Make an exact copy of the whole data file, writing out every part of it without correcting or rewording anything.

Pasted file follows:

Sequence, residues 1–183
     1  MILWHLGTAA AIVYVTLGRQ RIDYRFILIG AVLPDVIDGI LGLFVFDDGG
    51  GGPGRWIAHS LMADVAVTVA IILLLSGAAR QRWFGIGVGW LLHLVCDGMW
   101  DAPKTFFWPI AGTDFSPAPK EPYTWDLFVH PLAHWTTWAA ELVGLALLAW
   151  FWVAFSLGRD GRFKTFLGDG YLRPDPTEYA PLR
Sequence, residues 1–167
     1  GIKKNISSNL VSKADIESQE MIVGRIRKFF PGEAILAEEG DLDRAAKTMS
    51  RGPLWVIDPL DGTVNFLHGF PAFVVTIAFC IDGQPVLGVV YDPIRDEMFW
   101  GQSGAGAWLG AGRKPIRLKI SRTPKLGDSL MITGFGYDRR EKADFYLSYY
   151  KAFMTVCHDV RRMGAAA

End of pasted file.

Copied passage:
Sequence, residues 1–183
     1  MILWHLGTAA AIVYVTLGRQ RIDYRFILIG AVLPDVIDGI LGLFVFDDGG
    51  GGPGRWIAHS LMADVAVTVA IILLLSGAAR QRWFGIGVGW LLHLVCDGMW
   101  DAPKTFFWPI AGTDFSPAPK EPYTWDLFVH PLAHWTTWAA ELVGLALLAW
   151  FWVAFSLGRD GRFKTFLGDG YLRPDPTEYA PLR
Sequence, residues 1–167
     1  GIKKNISSNL VSKADIESQE MIVGRIRKFF PGEAILAEEG DLDRAAKTMS
    51  RGPLWVIDPL DGTVNFLHGF PAFVVTIAFC IDGQPVLGVV YDPIRDEMFW
   101  GQSGAGAWLG AGRKPIRLKI SRTPKLGDSL MITGFGYDRR EKADFYLSYY
   151  KAFMTVCHDV RRMGAAA